Desperate to avoid another social network hungrily eating at my time, I did everything I could to avoid the colourful world of Pinterest. But I love pictures and I have no self-discipline, so it’s started. Here’s a link to my first board (let’s face it the first of many boards) of my favourite living artists, these are the artists I follow the works of like a crazy stalker, leaching on them for their inspiration and enlightenment. Tell me if you think there’s anyone I’ve missed.
Tag Archives: Contemporary art
Everyone who lives in a city is surrounded by hundreds of adverts on their daily commute, each one with a life-changing message, ‘be beautiful’, ‘see the world’, ‘live forever’. None of them tell you to stop or switch off, because it doesn’t make any money.
This is why this painting by Jonathan Borofsky stopped me in my tracks. Who ever tells you to slow down and stop living your life for others? Perhaps a concerned friend but never a gigantic yellow billboard.
When I first moved to Paris I suddenly had more time. Previously I lived in London, where time was so precious that I felt if I didn’t fill it with something valuable I was letting myself down. The realisation that it was possible just to stop every now and again was like I had discovered the cure for the common cold.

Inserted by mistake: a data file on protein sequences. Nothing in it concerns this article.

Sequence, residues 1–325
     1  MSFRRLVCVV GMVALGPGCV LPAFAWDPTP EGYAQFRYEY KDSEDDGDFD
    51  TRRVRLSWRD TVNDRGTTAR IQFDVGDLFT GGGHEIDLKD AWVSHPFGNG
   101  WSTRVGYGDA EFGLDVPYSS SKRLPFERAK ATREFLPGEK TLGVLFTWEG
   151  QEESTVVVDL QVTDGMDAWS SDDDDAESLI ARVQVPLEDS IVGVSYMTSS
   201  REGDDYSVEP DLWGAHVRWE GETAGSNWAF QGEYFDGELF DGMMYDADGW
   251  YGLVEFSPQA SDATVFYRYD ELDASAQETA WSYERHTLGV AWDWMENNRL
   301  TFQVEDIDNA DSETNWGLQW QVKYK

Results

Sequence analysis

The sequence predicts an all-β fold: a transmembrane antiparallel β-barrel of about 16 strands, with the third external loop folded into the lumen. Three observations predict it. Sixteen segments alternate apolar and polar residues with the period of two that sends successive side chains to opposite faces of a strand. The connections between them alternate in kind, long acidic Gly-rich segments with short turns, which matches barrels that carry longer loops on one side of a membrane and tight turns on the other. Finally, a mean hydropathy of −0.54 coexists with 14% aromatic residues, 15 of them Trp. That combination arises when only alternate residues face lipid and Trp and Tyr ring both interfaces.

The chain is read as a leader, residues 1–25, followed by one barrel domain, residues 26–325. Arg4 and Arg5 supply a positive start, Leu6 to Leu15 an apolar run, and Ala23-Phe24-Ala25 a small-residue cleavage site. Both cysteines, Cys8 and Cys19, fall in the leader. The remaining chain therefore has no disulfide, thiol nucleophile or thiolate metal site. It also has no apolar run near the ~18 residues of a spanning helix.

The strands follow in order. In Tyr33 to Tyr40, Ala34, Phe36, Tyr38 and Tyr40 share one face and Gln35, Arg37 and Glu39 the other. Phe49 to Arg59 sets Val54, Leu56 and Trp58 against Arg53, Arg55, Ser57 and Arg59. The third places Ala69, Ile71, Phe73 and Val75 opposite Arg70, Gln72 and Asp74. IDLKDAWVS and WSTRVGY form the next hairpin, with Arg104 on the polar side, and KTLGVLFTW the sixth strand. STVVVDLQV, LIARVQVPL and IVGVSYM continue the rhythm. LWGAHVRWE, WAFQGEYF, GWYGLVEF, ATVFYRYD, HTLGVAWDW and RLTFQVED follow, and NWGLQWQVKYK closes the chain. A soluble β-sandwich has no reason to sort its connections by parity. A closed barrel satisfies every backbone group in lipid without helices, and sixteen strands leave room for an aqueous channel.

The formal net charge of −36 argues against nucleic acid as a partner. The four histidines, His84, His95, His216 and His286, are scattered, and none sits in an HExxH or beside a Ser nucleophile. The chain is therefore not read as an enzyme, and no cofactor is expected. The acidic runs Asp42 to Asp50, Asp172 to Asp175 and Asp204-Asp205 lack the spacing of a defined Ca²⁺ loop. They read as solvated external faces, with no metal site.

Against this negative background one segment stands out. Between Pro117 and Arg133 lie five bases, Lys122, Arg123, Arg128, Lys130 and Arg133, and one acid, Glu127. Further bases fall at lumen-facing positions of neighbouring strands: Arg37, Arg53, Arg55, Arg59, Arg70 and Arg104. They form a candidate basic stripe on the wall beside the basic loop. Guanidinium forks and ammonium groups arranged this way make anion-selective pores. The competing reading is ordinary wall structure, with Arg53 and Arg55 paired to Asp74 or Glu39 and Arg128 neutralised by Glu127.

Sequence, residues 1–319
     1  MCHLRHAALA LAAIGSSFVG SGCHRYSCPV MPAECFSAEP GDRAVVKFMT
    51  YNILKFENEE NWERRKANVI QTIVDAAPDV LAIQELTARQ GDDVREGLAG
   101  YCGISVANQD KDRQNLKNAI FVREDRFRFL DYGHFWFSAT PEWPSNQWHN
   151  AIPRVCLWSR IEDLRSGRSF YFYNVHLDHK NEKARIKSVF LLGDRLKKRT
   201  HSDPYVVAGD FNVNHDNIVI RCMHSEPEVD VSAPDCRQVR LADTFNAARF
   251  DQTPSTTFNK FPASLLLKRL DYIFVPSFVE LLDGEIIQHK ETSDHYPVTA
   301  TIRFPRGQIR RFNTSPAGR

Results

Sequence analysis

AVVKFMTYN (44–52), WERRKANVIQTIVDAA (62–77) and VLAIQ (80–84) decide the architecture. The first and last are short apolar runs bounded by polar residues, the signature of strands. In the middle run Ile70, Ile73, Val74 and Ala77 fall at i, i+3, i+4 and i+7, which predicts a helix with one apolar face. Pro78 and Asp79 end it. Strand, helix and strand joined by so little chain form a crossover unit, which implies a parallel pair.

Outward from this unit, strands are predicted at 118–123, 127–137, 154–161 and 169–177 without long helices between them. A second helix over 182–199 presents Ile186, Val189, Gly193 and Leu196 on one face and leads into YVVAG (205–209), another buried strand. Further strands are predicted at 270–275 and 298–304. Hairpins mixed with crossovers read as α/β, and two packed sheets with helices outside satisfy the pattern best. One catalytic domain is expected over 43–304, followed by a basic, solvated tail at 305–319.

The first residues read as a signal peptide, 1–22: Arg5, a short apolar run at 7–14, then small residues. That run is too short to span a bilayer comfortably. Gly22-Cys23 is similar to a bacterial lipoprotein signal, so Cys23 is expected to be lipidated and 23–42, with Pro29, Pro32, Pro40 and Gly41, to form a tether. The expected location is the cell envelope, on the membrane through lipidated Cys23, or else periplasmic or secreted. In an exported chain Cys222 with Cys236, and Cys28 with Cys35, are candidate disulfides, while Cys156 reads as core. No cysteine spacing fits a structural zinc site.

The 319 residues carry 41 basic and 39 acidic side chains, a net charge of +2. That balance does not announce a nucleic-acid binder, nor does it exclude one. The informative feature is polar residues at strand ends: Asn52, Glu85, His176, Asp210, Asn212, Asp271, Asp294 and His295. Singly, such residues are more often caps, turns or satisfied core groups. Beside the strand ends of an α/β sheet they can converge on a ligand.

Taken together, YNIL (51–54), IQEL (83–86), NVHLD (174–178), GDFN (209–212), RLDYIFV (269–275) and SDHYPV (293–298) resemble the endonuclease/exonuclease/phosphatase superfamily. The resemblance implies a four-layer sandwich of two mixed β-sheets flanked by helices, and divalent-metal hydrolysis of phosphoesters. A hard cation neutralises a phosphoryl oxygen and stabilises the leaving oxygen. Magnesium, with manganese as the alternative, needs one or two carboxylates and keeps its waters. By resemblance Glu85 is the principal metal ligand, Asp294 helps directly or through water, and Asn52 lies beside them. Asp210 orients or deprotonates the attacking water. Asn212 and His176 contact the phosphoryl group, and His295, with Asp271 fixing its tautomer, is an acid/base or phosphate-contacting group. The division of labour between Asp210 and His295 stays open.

I once described this feeling to a friend who had experienced a similar change. She offered me some words of wisdom, ‘The only problem about having more time is that you have more time to take a look at yourself’.
With his huge warning sign of a canvas this is exactly what Borofsky is doing. It’s what all art has a responsibility to do, to get the viewer to think about themselves for a while. In the gallery, even if you’re with a friend, when you’re looking at art you’re alone in your thoughts. If it’s really good art you shouldn’t be able to explain in words exactly how it makes you feel, you have to keep it inside.
The only downside to Borofsky’s statement is that it’s in a gallery, a space already designed for slowing down and pleasing yourself, if it was my work I’d have it on billboards in the middle of every capital city.
‘You are Alone Slow Down There is No One to Please but Yourself ‘ by Jonathan Borofsky (1975-76) is part of Fresh Hell, an exhibition at the Palais de Tokyo, Paris – 20/10/10 – 16/01/11
Photo credit © Jonathan Borofsky, Courtesy Paula Cooper Gallery (New York).
This post also appears on Artsharks